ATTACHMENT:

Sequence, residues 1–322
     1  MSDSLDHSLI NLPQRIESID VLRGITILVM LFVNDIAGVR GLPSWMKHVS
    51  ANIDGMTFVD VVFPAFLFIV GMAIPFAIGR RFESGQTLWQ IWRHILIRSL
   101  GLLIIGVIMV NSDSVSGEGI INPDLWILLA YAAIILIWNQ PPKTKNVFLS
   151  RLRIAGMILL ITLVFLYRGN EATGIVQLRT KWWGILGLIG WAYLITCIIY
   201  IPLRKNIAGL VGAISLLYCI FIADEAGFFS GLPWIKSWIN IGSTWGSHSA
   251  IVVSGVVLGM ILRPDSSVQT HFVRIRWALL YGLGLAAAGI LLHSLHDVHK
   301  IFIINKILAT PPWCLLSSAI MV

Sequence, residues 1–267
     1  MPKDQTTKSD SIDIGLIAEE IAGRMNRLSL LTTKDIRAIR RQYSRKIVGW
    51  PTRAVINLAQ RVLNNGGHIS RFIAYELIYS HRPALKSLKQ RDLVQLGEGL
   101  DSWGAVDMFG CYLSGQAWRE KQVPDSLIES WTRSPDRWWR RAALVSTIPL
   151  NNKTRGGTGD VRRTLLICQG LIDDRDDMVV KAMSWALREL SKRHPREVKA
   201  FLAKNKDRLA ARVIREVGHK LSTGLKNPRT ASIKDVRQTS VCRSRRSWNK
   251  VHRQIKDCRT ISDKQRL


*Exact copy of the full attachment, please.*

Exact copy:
Sequence, residues 1–322
     1  MSDSLDHSLI NLPQRIESID VLRGITILVM LFVNDIAGVR GLPSWMKHVS
    51  ANIDGMTFVD VVFPAFLFIV GMAIPFAIGR RFESGQTLWQ IWRHILIRSL
   101  GLLIIGVIMV NSDSVSGEGI INPDLWILLA YAAIILIWNQ PPKTKNVFLS
   151  RLRIAGMILL ITLVFLYRGN EATGIVQLRT KWWGILGLIG WAYLITCIIY
   201  IPLRKNIAGL VGAISLLYCI FIADEAGFFS GLPWIKSWIN IGSTWGSHSA
   251  IVVSGVVLGM ILRPDSSVQT HFVRIRWALL YGLGLAAAGI LLHSLHDVHK
   301  IFIINKILAT PPWCLLSSAI MV

Sequence, residues 1–267
     1  MPKDQTTKSD SIDIGLIAEE IAGRMNRLSL LTTKDIRAIR RQYSRKIVGW
    51  PTRAVINLAQ RVLNNGGHIS RFIAYELIYS HRPALKSLKQ RDLVQLGEGL
   101  DSWGAVDMFG CYLSGQAWRE KQVPDSLIES WTRSPDRWWR RAALVSTIPL
   151  NNKTRGGTGD VRRTLLICQG LIDDRDDMVV KAMSWALREL SKRHPREVKA
   201  FLAKNKDRLA ARVIREVGHK LSTGLKNPRT ASIKDVRQTS VCRSRRSWNK
   251  VHRQIKDCRT ISDKQRL